While these deep and powerful emotions are very evident in her singing, it is always difficult for American audiences at first to connect fully to languages unfamiliar to them.  While translations are not yet available, their band manager has mostly completed translations of 7 of their songs and is working on the hardest ones now.  Many of the lyrics are somewhat abstract and deeply emotional, so translating this art into such a very different language, while keeping the original flavor, feeling, and concept is difficult.  In order to do this properly, he is working closely with MaRy to ensure his translations are as true to the original intent of her art as possible.

130Jet composes and plays all the instrumentals on both Guitar and Bass.  He also composes, programs, and plays all keyboard and synthesized drums for their background music.   130Jet then records and masters all their music in their home studio.

130Jet learned much of his skill at music production in a commercial studio producing music and sound for commercial advertising in Japan.  He is always researching new ways to produce different approaches and sounds to support the right mood for the lyrics of  MaRy ’s different moods in her songs.  I would highly recommend checking out their music and finding out for yourself what the new sound of Japanese Steampunk Music is all about.

130Jet also makes most of the Steampunk leather work and Steampunk goods for sale that they vend at their shows.  He enjoys both designing and crafting Steampunk items for their own use and the growing Steampunk Community in Japan.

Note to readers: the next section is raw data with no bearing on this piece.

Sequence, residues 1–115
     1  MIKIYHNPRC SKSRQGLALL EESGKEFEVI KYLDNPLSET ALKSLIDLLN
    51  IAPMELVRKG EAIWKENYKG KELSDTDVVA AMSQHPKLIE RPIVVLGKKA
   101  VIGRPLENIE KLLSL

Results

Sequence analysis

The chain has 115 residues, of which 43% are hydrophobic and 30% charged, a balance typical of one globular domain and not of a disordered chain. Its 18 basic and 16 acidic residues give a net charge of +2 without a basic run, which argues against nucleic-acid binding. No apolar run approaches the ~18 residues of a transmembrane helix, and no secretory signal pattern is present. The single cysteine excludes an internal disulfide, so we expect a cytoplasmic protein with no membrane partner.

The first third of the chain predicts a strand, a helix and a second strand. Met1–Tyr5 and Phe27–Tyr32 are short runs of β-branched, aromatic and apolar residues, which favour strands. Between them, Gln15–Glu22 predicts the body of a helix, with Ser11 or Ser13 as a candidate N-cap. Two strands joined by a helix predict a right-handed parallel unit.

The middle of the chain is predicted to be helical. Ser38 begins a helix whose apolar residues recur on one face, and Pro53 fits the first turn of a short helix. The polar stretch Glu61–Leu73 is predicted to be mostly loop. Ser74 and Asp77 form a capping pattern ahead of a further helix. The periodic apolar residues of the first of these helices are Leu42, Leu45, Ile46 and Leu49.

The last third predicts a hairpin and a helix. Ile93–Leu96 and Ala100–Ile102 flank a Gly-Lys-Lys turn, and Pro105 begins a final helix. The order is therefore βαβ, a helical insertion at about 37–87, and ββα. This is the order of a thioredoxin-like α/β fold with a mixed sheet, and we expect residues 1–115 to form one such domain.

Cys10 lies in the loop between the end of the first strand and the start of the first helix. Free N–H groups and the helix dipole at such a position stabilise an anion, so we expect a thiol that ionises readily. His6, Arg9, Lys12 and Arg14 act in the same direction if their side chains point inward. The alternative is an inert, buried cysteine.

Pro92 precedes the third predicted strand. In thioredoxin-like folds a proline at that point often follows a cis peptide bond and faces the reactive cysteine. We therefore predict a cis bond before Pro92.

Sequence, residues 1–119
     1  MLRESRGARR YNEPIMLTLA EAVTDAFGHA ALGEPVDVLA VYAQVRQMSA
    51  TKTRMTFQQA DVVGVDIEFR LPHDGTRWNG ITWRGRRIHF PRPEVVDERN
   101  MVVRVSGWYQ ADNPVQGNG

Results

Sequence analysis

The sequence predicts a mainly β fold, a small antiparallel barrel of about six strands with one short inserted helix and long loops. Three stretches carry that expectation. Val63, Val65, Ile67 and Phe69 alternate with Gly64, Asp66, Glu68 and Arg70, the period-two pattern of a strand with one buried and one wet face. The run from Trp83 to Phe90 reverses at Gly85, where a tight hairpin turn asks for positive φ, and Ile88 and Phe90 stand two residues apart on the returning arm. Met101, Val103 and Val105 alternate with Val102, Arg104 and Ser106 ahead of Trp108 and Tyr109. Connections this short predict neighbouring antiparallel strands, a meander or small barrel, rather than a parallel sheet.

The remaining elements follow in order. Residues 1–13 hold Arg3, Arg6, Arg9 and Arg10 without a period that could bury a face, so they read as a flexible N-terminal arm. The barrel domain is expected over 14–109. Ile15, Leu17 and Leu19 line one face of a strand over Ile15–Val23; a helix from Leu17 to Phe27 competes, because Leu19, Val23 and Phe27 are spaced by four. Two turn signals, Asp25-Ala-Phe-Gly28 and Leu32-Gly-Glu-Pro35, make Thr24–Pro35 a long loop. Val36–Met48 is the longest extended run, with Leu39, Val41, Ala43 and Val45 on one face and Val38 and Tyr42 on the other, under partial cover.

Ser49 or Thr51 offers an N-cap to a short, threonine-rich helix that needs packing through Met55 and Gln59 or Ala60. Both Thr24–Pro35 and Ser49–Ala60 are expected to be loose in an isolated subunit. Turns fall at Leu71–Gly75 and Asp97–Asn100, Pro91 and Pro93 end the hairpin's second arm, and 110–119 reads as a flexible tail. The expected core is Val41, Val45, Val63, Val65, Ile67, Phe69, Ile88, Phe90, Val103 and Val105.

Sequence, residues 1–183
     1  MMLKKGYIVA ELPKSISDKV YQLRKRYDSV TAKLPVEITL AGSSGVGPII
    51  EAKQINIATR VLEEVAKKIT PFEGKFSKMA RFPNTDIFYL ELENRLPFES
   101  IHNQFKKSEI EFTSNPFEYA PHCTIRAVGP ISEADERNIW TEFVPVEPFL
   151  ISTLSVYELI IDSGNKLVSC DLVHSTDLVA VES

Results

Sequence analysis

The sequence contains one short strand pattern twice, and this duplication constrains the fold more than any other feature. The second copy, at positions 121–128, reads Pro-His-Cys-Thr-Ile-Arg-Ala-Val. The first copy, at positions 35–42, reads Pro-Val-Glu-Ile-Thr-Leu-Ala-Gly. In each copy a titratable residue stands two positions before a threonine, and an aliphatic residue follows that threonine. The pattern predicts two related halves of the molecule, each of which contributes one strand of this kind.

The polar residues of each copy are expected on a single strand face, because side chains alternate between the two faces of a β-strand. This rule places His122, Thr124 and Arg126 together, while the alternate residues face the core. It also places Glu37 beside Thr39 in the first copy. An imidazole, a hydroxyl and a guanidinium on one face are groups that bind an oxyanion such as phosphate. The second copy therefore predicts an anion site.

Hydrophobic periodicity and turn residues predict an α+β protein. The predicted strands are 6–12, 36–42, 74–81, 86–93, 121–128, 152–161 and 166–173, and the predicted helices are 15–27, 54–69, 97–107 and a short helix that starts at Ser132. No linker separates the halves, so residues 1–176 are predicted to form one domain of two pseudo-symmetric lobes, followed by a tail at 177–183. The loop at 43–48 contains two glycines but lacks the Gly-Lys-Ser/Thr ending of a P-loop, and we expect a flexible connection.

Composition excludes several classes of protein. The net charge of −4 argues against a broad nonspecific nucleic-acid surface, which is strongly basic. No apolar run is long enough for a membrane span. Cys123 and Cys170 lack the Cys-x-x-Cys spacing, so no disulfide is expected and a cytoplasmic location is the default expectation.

In the photo above, MaRy is wearing special designer goggles crafted by the Japanese Steampunk designer
Haruo Suekichi which are very limited edition and very hard to obtain.  She makes her own hair falls for all of her shows.   130Jet’s mom hand crafted her beautiful and high quality Kimono.  MaRy’s corset was purchased, but the gloves were made by her sister.  Both of them are wearing very detailed and fascinating tiny bottles (made by a friend) as a necklace pendant with steam punk items inside.

130Jet is wearing a heavily decorated leather harness he made.  Effectively all of the leatherwork they are using, except for one pouch made by a friend, was  130Jet’s handiwork.  His monk’s cloak is actually a real item obtained at an auction.  The mask he often wears was made by Tom Bagwell.  In other words, like most Steampunk performers, their apparel, just like their music, comes from many sources, but is largely DIY or made by those close to them.